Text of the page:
How is it that the major guide books have almost nothing to say about Nagoya? How has Japan’s fourth biggest city managed to stay off almost every tourist’s itinerary, off the radar, and so ‘off the beaten track’?
Though it’s true that Nagoya doesn’t offer a lot in the way of “attractions” and “sights” – at least none that can’t be found elsewhere in the country – this mass overlooking of Nagoya by foreigners has created a paradise for those few travellers who do make it here.
Where else could you experience modern life in big city Japan combined with this level of authenticity? While Tokyo and Osaka paint a stylised portrait of contemporary and future Japan, villages such as Tsumago and Magome attempt to replicate historical Japan for tourists, and Kyoto desperately tries to do both, Nagoya remains one of the only places to see real, unadulterated Japan at its best.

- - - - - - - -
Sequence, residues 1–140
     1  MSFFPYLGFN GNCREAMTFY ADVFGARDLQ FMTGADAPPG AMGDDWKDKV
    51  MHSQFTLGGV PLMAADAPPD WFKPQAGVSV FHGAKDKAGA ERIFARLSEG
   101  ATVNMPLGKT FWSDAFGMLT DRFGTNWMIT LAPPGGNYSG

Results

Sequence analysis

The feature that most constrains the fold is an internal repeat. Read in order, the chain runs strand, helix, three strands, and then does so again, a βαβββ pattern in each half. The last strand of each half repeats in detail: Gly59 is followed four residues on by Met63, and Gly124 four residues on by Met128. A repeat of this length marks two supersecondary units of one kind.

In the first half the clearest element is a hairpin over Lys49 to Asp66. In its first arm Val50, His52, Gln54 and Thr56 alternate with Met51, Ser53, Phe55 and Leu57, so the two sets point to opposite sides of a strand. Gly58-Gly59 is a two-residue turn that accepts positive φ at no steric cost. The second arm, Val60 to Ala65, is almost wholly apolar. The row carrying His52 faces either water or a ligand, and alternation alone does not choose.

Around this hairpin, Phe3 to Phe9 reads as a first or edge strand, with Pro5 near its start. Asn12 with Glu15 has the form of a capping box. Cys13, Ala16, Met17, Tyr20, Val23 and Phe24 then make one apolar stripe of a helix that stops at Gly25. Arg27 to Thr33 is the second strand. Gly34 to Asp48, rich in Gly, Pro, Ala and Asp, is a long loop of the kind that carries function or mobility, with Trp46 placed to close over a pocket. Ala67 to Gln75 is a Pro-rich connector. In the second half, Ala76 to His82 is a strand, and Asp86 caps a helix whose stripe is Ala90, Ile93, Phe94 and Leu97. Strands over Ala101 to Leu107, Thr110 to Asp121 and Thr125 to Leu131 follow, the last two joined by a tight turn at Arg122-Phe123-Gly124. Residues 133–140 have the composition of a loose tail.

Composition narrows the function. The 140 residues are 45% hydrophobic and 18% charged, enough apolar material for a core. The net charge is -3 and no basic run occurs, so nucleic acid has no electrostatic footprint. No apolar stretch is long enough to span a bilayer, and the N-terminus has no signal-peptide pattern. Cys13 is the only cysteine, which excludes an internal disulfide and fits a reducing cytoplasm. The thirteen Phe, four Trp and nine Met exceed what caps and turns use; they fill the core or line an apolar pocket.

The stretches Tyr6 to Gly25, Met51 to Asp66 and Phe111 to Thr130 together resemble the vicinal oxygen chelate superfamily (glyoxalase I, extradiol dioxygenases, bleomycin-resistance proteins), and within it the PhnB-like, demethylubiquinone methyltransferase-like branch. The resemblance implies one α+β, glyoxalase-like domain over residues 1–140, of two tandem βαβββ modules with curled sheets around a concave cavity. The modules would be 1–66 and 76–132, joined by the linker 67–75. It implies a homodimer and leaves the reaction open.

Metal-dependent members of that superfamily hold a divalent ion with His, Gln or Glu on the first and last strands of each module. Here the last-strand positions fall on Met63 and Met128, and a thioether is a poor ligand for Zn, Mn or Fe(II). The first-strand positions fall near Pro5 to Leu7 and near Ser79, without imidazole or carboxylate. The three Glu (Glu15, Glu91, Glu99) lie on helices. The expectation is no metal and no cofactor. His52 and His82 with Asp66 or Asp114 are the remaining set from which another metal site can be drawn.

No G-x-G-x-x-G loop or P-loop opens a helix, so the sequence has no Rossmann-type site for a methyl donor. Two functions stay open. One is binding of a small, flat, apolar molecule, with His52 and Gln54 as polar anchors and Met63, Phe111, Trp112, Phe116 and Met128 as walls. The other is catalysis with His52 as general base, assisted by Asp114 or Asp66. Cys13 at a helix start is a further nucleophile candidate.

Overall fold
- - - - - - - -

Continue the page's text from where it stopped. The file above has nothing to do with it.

As every seasoned traveller knows all too well, destinations with an established tourist trail also tend to bring hassle, unfriendliness and greedy attitudes towards visitors. Nagoya is free from all of that and is the best place to experience the true Japanese sensibility and feelings towards outsiders.
In Nagoya you can see and experience life as the Japanese live it, free from the millions of tourists you’ll find in the other cities.
Japan is a country famed for its long history of isolation, which is exactly what makes it one of the most unique cultures in the world and one of the most interesting places to visit, and while that’s not the impression you get in Tokyo or Kyoto, there is no better place to experience the legacy of Japan’s isolation than in Nagoya.